The Baker-Fancher party left Corn Creek and continued the 125 miles (201 km) to Mountain Meadows, passing Parowan, and Cedar City; southern Utah communities led respectively by Stake Presidents William H. Dame and Isaac C. Haight. Haight and Dame were, in addition, the senior regional military leaders of the Mormon militia. As the Baker-Fancher party approached, several meetings were held in Cedar City and nearby Parowan by the local Latter Day Saint (LDS) leaders pondering how to implement Young's declaration of martial law. In the afternoon of Sunday, September 6, Haight held his weekly Stake High Council meeting after church services, and brought up the issue of what to do with the emigrants. The plan for a Native American massacre was discussed, but not all the Council members agreed it was the right approach. The Council resolved to take no action until Haight sent a rider, James Haslam, out the next day to carry an express to Salt Lake City (a six-day round trip on horseback) for Brigham Young's advice; as Utah did not yet have a telegraph system. Following the Council, Isaac C. Haight decided to send a messenger south to John D. Lee. What Haight told Lee remains a mystery, but considering the timing it may have had something to do with Council's decision to wait for advice from Brigham Young.
The somewhat dispirited Baker-Fancher party found water and fresh grazing for its livestock after reaching grassy, mountain-ringed Mountain Meadows, a widely known stopover on the old Spanish Trail, in early September. They anticipated several days of rest and recuperation there before the next 40 miles (64 km) would take them out of Utah. But, on September 7, the party was attacked by Mormon militiamen dressed as Native Americans and some Native American Paiutes. The Baker-Fancher party defended itself by encircling and lowering their wagons, wheels chained together, along with digging shallow trenches and throwing dirt both below and into the wagons, which made a strong barrier. Seven emigrants were killed during the opening attack and were buried somewhere within the wagon encirclement. Sixteen more were wounded. The attack continued for five days, during which the besieged families had little or no access to fresh water or game food and their ammunition was depleted. Meanwhile, organization among the local Mormon leadership reportedly broke down. Eventually fear spread among the militia's leaders that some emigrants had caught sight of white men, and had probably discovered who their attackers really were. This resulted in an order to kill all the emigrants, with the exception of small children.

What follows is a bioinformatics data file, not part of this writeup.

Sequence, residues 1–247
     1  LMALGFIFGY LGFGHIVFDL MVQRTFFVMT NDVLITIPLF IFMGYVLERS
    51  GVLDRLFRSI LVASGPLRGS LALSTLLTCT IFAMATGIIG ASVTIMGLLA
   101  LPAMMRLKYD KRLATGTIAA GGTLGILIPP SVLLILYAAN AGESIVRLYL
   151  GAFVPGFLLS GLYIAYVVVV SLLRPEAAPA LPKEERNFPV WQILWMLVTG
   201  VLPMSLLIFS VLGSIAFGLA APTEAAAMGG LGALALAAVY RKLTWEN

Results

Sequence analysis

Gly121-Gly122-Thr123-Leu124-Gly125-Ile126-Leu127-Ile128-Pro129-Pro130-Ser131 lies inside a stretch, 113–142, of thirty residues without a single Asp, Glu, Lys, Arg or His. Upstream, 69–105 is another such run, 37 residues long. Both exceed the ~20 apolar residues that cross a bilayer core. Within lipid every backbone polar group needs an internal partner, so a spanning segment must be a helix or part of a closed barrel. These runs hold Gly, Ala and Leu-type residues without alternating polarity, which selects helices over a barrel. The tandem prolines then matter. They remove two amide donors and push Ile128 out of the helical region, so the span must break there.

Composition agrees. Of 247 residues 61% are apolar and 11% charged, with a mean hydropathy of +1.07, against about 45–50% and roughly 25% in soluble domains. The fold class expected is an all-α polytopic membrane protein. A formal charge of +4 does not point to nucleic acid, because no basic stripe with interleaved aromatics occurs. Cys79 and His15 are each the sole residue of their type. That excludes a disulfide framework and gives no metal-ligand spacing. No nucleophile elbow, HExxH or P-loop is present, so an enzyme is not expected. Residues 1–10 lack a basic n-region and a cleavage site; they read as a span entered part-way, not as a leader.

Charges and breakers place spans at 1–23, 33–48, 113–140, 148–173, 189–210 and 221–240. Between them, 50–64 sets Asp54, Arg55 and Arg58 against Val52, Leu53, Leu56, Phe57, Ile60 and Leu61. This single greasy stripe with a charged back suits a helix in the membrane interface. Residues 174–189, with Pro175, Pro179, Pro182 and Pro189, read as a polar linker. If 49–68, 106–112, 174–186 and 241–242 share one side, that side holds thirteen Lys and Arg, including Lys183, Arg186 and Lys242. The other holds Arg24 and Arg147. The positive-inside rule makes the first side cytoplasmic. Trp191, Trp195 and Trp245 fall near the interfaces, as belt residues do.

On Friday, September 11, 1857, two militiamen approached the Baker-Fancher party wagons with a white flag and were soon followed by Native American agent and militia officer John D. Lee. Lee told the battle-weary emigrants that he had negotiated a truce with the Paiutes, whereby they could be escorted safely the 36 miles (58 km) back to Cedar City under Mormon protection in exchange for turning all of their livestock and supplies over to the Native Americans. Accepting this, the emigrants were led out of their fortification. The adult men were separated from the women and children. The men were paired with a militia escort. When a signal was given, the militiamen turned and shot the male members of the Baker-Fancher party standing by their side. The women and children were then ambushed and killed by more militia that were hiding in nearby bushes and ravines. Members of the militia were sworn to secrecy. A plan wasset to blame the massacre on the Native Americans. The militia did not kill some small children who were deemed too young to relate the story. These children were taken in by local Mormon families. Seventeen of the children were later reclaimed by the U.S. Army and returned to relatives in Arkansas.